The old adage of “walk a mile in their shoes” comes to mind when this story first came to light. Darius was actually walking a mile up hill for the 9/11 Day of Remembrance in his firefighting gear when he shared part of his story.
Darius grew up in Huntington, West Virginia and was a junior Firefighter at the time at a local Volunteer Fire Department. After his high school graduation, he left for California for adventure, schooling, and then eventually to work as an Emergency Medical Technician (EMT).
His father’s untimely death inspired the beginnings of his EMT career “After my father passed I recalled what made me want to become an EMT with Green Valley, I was a junior at the time in 2009. We ran a call, it was one of my first five calls I’ve ever ran in my life, it was an overdose and I watched the EMTs bring him back with ease and they just said ‘Oh, it’s easy. It’s this, so no problem.’ That’s always stuck with me so I always wanted to give it a shot, and thought why not now.”
Working as an EMT in Los Angeles, Darius encountered many ups and downs, traumatic experiences, and trials. The critical care transport, traumatic injuries, and medical emergencies he dealt with for work had an impact on his well being, as many first responders face these difficulties. On top of work stress, he was about to face more complications with his family.
He remembers it like it was yesterday, he was working critical care transport with a patient they were trying to get to the hospital and seven phone calls came through from a dear family friend. Once able, Darius returned the call and learned his mother was in the hospital.
At that time, in 2016, the 24-year-old Darius had to move back home to care for his mother who had a stroke and developed an onset of chronic dementia, “It was new. I’d never had to do something like this before.” After his mother spent a month in hospital, Darius tried his best to care for her with some assistance from home health until the time when she declined in health rapidly causing him to put her in a long term care facility. Thankfully, his mother had long term care insurance which still covers the majority of the costs of that facility along with Darius having to pay out of pocket as well, to support his mother.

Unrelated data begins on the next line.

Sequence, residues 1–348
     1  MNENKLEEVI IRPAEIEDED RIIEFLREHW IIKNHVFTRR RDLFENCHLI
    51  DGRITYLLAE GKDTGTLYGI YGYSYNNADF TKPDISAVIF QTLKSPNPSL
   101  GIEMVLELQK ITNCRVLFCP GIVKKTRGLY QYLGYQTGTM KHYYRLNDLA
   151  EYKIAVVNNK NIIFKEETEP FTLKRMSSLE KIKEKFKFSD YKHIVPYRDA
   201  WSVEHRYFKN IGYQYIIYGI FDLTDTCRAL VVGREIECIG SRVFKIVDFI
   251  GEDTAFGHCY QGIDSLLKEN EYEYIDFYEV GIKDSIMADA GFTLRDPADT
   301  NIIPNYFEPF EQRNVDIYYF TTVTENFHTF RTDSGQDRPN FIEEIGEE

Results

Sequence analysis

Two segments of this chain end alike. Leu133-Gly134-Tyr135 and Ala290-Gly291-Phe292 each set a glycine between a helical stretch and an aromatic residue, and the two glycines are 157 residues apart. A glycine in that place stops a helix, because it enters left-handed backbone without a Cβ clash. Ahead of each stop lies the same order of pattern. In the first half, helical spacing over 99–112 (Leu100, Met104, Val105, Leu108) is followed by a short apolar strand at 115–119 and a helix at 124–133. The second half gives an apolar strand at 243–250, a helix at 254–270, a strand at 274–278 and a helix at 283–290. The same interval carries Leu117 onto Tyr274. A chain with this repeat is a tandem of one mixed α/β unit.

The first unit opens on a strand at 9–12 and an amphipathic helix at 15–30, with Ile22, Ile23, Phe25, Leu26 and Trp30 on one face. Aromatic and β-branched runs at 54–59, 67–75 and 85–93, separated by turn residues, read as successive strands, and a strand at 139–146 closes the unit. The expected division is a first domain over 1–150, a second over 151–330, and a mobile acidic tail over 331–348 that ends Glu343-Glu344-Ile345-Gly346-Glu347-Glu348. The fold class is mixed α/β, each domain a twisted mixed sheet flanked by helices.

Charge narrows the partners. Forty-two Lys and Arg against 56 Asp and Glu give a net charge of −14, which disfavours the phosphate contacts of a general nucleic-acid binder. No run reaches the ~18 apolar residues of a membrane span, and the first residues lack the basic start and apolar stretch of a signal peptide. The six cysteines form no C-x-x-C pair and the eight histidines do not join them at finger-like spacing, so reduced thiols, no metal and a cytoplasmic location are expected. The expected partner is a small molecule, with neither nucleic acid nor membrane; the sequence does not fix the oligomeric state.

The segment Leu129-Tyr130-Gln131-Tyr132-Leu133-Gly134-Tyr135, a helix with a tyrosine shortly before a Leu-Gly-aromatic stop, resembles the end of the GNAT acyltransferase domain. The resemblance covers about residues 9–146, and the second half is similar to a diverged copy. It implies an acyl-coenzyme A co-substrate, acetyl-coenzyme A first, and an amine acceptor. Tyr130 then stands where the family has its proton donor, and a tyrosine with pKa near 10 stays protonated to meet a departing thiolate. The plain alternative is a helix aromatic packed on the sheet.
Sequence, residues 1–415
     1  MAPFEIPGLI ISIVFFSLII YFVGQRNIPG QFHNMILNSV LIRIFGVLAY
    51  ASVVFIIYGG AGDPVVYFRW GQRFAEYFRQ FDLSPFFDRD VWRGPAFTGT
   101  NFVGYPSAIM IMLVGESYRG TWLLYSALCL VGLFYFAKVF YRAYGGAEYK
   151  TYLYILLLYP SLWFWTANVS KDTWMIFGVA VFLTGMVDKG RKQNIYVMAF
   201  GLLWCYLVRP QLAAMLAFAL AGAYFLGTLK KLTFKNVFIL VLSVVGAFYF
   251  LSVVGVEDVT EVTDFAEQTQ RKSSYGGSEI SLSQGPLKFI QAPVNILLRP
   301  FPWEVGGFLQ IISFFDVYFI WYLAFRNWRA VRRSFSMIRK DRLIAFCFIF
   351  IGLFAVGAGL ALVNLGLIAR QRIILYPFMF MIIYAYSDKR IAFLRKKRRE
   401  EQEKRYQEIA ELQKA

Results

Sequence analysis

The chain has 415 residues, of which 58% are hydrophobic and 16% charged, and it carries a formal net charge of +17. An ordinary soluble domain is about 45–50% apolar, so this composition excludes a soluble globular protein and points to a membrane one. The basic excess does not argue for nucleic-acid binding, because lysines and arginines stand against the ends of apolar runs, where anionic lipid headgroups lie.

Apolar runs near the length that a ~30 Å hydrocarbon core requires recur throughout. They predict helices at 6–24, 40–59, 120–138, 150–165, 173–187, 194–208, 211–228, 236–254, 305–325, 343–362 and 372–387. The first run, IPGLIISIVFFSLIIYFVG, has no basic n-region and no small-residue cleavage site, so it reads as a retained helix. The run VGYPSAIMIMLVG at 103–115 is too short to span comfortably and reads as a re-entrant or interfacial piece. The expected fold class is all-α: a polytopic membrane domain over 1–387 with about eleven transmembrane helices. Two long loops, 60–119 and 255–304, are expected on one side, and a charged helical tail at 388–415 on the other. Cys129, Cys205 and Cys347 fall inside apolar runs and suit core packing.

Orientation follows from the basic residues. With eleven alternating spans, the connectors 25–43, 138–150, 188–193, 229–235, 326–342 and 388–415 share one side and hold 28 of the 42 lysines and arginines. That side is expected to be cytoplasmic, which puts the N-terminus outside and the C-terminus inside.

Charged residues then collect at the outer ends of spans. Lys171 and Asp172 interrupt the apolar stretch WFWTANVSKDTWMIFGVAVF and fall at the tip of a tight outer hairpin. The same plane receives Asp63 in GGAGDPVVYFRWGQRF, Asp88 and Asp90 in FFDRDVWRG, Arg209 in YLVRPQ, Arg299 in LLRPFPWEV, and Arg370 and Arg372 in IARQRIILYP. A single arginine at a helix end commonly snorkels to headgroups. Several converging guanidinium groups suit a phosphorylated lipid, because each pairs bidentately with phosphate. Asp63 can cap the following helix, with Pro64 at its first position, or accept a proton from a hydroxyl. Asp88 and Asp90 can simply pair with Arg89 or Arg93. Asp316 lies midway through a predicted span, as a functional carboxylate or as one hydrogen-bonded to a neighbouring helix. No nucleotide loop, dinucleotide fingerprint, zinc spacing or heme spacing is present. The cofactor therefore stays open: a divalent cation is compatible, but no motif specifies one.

Luckily for Darius, West Virginia’s Medicaid program was there for him as he tried to care for his mother. Medicaid provided Darius the mental health care coverage, general physical assessments, and occasional emergency visits he needed as an adult. Even now, it is still there protecting him as he has joined the ranks of many WV small business owners. Darius taught himself to weld during the transition back to West Virginia and is now doing “non-certifiable custom fabrication welding and woodworking”.
From losing his father, his mother falling chronically ill, having the responsibilities of a household thrown upon him, to becoming a small business owner, and continuing to be a public servant as a Volunteer Fire Fighter/EMT, Darius is grateful Medicaid has been there for him the entire time.
Medicaid is a crucial part of this story for Darius, as it has been his health care coverage for about four years since he came back home to West Virginia, “I would pay for private health insurance if I could, I just don’t make enough money.” After looking for some “rando jobs just to have money” Darius realized his value in work could be compensated more equitably if he started his own business versus working at one of the big corporations (box stores such as Walmart, Home Depot, Petco) who all pay little and provide no health care.
As Darius showcased during the interview, he is aware of the benefits of Medicaid but also the struggles, “I rely on my glasses 24:7 to live.” He is looking forward to advocating for continued expansion of Medicaid, in particular vision coverage for adults, and appreciates the opportunities to share his story.